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A systematic review of the impact of financial circumstances on access to post-16 learning in the Learning and Skills Council sector. Summary

Preface

This report is the result of two linked pieces of work undertaken between May 2001 and September 2002. The first is a descriptive map of studies that was conducted up to March 2002 and identified the range and type of research studies addressing the impact of financial circumstances on engagement with learning in the Learning and Skills Council (LSC) sector. The second is a review based on a subset of those studies identified in the descriptive map that focus on the impact of financial circumstances on student access to learning in the LSC sector. This in-depth review is the first of three planned by the Post-compulsory Education Review Group. The second and third in-depth reviews will be conducted respectively on the impact of financial circumstances on (a) student retention in the LSC sector, and (b) student achievement in the LSC sector.

Background

There is considerable interest from policy-makers and other stakeholders in the impact of financial circumstances on the engagement with learning of young people and adults in the post-16 education sector. The establishment of the Learning and Skills Council (LSC) in April 2001, with a brief to rationalise systems and structures in all post-16 learning outside higher education, stimulated questions about the rationale for, and efficacy of, various forms of student support.

The Post-Compulsory Education Review Group, as one of the Review Groups set up in partnership with the Evidence for Policy and Practice Information and Co-ordinating Centre (EPPI-Centre), has investigated the impact of financial circumstances on engagement with learning in the LSC sector by systematically reviewing an international range of research studies dating from 1993 to 2002. It started its work with the definition of key terms in the study: ‘financial circumstances’, ‘engagement’, ‘learning’, ‘LSC sector’ and ‘impact’.

  • Financial circumstances was chosen in order to encompass all forms of finance available to learners: for example, earnings, family support, benefits, grants and loans. A more limited study might focus on the impact of support from public funds but this was rejected for the following two reasons: firstly, it is difficult to separate out the impact of one source of finance from all the others; and, secondly, the response to levels of finance may or may not be independent of its source and it is necessary to know that.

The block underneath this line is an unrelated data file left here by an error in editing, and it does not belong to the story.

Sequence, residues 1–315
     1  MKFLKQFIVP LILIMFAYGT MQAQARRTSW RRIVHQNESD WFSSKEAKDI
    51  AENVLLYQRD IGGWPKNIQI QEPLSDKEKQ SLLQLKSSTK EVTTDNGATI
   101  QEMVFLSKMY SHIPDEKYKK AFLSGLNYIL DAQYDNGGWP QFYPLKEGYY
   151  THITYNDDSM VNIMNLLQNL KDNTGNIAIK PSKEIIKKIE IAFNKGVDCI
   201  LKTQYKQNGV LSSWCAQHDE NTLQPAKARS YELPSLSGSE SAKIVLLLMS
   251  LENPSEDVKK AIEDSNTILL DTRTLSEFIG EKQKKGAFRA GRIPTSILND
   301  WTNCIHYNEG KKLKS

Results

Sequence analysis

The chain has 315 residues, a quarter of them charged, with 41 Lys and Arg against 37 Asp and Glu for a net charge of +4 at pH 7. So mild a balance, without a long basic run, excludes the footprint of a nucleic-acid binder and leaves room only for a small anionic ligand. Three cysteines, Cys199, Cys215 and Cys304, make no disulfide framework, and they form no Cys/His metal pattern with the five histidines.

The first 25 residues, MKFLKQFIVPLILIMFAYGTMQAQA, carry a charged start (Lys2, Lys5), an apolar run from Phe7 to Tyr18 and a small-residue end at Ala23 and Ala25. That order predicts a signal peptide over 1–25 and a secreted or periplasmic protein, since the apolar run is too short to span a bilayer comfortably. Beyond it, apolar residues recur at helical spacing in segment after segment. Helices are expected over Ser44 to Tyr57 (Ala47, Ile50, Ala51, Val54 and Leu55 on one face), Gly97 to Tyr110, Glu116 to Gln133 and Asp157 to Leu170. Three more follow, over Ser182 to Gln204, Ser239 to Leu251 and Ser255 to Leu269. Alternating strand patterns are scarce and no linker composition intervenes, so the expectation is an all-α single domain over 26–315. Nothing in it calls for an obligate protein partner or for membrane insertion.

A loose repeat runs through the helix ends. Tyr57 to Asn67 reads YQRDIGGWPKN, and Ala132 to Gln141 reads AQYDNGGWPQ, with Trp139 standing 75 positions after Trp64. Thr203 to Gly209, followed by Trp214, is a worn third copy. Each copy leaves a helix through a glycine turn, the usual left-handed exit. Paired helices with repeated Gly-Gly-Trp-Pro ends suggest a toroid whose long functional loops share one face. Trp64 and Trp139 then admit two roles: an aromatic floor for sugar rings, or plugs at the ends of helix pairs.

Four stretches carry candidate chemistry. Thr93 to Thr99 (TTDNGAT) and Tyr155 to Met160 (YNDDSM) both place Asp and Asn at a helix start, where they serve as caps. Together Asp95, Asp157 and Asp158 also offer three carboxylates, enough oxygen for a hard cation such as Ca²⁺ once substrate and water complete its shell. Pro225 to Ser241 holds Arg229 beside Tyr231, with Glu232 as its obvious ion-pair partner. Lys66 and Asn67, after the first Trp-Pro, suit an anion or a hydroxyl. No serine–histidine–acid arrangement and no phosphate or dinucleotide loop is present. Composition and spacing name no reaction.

• Engagement emphasises consideration of qualitative judgements as well as counting. This could be important in relation to some forms of public support. The education maintenance allowance (EMA) scheme, where learners could lose £40 for an unauthorised absence, might improve attendance without engagement (and equally, as with seatbelt legislation, improved engagement could follow from forced compliance). Any evaluation of impact must examine the consequences of interventions for learning outcomes. However, outcomes should not be seen simply in terms of examination success, still less restricted to national training targets. Engagement is intended to capture both these and more positive attitudes to involvement and progression.
  • Learners were chosen rather than students in order to include trainees, New Deal clients and sixth-form pupils. It reflects the varying status of those engaged in formal learning in the sector created by the establishment of the LSC. It is not intended to indicate an interest in the unplanned and unrecorded learning that arises from the everyday experience of adults, but rather to focus on learning in which there is an explicit public interest.
  • LSC sector: LSC is the Learning and Skills Council. The term ‘LSC sector’ describes reasonably well the learners and learning contexts the Review Group wished to cover – that is, the experience of the sort of learner and post-16 learning that from April 2001 became the responsibility of the LSC in England.
  • Impact was intended to focus the review on studies that sought to understand the links between financial circumstances and engagement.

Aims

The present report has two aims: firstly, to identify the range of studies that addresses the impact of financial circumstances on engagement with learning in the LSC sector, and secondly, to undertake an in-depth review of the papers that were identified as focusing on the impact of financial circumstances on access to learning in the LSC sector.

Review questions

With reference to the above aims, the main question for the overall study is as follows:

What is the impact of financial circumstances on engagement with learning in the LSC sector?

The main review question for the in-depth review presented in this report is:

What is the impact of financial circumstances on access to learning in the LSC sector?

Methods